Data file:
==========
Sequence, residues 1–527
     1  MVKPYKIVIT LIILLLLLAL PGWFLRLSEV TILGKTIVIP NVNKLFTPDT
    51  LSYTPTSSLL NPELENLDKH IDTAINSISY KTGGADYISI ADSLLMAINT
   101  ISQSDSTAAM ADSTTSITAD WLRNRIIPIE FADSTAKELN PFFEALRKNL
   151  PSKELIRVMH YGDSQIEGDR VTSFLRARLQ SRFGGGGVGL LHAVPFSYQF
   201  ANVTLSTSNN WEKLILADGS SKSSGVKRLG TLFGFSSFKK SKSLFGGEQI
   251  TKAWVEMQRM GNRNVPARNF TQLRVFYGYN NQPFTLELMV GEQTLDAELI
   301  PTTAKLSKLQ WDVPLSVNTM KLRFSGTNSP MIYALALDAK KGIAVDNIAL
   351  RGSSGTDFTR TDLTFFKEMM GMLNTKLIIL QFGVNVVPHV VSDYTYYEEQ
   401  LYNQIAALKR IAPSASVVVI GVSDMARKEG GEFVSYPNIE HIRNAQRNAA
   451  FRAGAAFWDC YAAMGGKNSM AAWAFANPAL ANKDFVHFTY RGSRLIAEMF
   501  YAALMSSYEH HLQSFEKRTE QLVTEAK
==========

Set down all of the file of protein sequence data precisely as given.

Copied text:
Sequence, residues 1–527
     1  MVKPYKIVIT LIILLLLLAL PGWFLRLSEV TILGKTIVIP NVNKLFTPDT
    51  LSYTPTSSLL NPELENLDKH IDTAINSISY KTGGADYISI ADSLLMAINT
   101  ISQSDSTAAM ADSTTSITAD WLRNRIIPIE FADSTAKELN PFFEALRKNL
   151  PSKELIRVMH YGDSQIEGDR VTSFLRARLQ SRFGGGGVGL LHAVPFSYQF
   201  ANVTLSTSNN WEKLILADGS SKSSGVKRLG TLFGFSSFKK SKSLFGGEQI
   251  TKAWVEMQRM GNRNVPARNF TQLRVFYGYN NQPFTLELMV GEQTLDAELI
   301  PTTAKLSKLQ WDVPLSVNTM KLRFSGTNSP MIYALALDAK KGIAVDNIAL
   351  RGSSGTDFTR TDLTFFKEMM GMLNTKLIIL QFGVNVVPHV VSDYTYYEEQ
   401  LYNQIAALKR IAPSASVVVI GVSDMARKEG GEFVSYPNIE HIRNAQRNAA
   451  FRAGAAFWDC YAAMGGKNSM AAWAFANPAL ANKDFVHFTY RGSRLIAEMF
   501  YAALMSSYEH HLQSFEKRTE QLVTEAK